Sunday 22 April 2018

Torres provides glimmer of hope for Reds but Hodgson refuses to get carried away


Ian Herbert

YOU KNOW things are looking bad when Gerry Marsden is out leading the rendition of a certain famous Anfield anthem. If that didn't confirm that Roy Hodgson truly is walking alone, an internet poll of Liverpool fans before this game revealed that 65pc actually wanted Blackburn to win, in the hope of putting them and their manager out of his misery.

The consequences of that outcome certainly didn't bear contemplation. Even the new owner John W Henry absent through illness but likely to be here to see Chelsea in two weeks' time, said beforehand, perhaps ominously, that this was an important day at Anfield "in more ways than one".

Almost as important as the result, which still left Liverpool in the bottom three, was the evidence that Hodgson's players possess a belief in him which so many outside of the Anfield gates lack.

Their pace and intensity, in the first half especially, made this their best performance under Hodgson and, for once, Steven Gerrard was not the sole torch-bearer.


The invention of Lucas Leiva proved that one of the most maligned remnants of the Rafael Benitez era deserves better. So, too, Maxi Rodriguez, while Raul Meireles -- a far more ambitious holding midfielder than Christian Poulsen -- finally revealed himself to be the powerful box-to-box player observers had talked of when Hodgson signed him.

This was a different kind of Fernando Torres, too. His matchwinning goal -- his first since the strike at home to West Brom in August which secured Liverpool their only other domestic win of this season -- was not part of a huge personal contribution.

But the sight of Torres in the centre circle just after scoring, stretching and testing his troublesome groin, further illustrated the player's anxiety about an injury that has haunted him since the World Cup.

"He was very down when he came back from the World Cup," Hodgson said. "Maybe people are down when they are criticised left, right and centre. It does get people down. He is coming out of that and starting to find his joy at playing again."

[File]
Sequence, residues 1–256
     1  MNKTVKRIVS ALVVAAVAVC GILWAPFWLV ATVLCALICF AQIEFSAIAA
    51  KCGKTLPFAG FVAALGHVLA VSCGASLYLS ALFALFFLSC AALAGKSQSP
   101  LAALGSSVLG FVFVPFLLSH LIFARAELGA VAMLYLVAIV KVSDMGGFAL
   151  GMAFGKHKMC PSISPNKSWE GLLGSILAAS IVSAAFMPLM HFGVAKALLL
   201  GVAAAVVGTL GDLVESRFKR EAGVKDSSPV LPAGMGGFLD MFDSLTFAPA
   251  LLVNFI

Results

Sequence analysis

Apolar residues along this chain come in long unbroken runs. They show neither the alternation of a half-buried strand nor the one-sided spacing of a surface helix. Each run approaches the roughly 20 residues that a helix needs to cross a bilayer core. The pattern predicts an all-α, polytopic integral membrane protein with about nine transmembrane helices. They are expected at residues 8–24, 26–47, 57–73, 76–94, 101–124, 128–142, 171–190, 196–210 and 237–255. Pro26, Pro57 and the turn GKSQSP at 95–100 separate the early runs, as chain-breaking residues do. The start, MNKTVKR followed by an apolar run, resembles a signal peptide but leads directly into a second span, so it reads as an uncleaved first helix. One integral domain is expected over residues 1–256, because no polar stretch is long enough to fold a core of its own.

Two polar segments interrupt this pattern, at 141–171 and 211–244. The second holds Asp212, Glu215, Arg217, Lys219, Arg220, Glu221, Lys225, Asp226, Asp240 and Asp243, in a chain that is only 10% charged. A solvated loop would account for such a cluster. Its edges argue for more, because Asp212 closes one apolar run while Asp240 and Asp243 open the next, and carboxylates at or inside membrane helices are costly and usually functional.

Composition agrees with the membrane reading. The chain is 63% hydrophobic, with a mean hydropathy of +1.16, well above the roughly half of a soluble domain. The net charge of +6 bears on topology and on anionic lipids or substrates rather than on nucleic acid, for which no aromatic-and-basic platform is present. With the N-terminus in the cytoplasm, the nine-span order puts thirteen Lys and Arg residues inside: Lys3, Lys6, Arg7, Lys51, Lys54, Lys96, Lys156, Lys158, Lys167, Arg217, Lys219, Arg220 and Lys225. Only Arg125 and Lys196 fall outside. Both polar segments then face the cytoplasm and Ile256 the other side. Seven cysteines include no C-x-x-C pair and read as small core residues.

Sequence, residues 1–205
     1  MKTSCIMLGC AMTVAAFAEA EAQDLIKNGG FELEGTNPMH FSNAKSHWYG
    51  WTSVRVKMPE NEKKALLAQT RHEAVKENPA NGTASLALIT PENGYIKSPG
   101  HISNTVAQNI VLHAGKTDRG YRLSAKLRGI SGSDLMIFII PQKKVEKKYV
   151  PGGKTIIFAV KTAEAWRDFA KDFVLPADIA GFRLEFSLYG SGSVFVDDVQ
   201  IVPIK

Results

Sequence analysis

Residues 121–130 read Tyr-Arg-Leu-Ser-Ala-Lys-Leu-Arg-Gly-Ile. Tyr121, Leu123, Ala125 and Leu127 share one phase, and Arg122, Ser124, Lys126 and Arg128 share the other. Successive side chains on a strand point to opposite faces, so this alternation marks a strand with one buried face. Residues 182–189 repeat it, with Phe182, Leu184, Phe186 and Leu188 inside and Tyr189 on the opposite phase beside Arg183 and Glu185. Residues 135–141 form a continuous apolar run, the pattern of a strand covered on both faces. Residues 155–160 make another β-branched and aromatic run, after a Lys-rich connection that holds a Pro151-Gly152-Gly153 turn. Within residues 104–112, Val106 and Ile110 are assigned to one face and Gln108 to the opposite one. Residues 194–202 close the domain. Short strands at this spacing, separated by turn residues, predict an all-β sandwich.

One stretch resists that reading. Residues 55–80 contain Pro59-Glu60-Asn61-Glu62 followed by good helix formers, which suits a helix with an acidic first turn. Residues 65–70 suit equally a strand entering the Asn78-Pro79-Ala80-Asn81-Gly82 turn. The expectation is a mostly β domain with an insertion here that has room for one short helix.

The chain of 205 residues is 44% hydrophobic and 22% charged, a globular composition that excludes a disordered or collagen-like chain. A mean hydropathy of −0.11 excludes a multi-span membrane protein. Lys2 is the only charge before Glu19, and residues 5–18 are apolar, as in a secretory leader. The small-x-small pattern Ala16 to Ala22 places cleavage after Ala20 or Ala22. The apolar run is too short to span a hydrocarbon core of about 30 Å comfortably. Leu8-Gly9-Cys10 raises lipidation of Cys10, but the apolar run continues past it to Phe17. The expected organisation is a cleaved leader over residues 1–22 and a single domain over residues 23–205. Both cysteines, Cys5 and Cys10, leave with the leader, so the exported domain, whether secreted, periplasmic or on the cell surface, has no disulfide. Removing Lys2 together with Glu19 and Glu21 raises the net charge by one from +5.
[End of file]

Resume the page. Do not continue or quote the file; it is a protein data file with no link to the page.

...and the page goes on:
It really would help Liverpool fans' emotional state if Hodgson could find a little more joy himself. Their league position really does not bear deep analysis so early -- they sit just six points behind fifth-placed Tottenham -- but Hodgson was still downbeat and batted away suggestions that this win might be a catalyst for further improvement.

"I don't know what catalysts are," he said. "I don't want to say things are hunky-dory. The expectations on us are greater than we are capable of achieving immediately and if we're not the Liverpool of yore, we'll work hard to get there."

Has this club deteriorated to such an extent? It didn't seem that way when they created at least 10 chances in the first half, only to find Blackburn 'keeper Paul Robinson in stellar form. But when Liverpool reached the interval still deadlocked, it appeared Hodgson was cursed.

That sense deepened when the goal which his side so richly deserved -- Sotirios Kyrgiakos powering in a header from a corner -- was cancelled out in a comedy of errors. As if the sight of Benjani Mwaruwari haring around Paul Konchesky to cross was not bad enough for Hodgson, El-Hadji Diouf's shot through Jamie Carragher's legs was cleared off the line by Konchesky -- straight into Carragher and back into the net. It was a damning snapshot of Hodgson's defence this season.

Joe Cole's contribution was still not enough to suggest that the fields of Anfield Road are delivering him any salvation but his clipped ball minutes later for Torres, who sprang away from the defence to side-foot home, was the match's most decisive act.

Sam Allardyce justifiably mourned the absence of suspended Chris Samba. "When I see the second goal -- Torres free six yards out for a little side-footer and none of our players near him at all -- it's the reason why I say I'm missing players," he said.

Don't expect any less gloom from the Liverpool manager, though. Three points are needed at Bolton on Sunday to avoid the prospect of facing Chelsea while rooted in the bottom three, but Hodgson has not won any of his last 22 away games. (© Independent News Service)

Irish Independent

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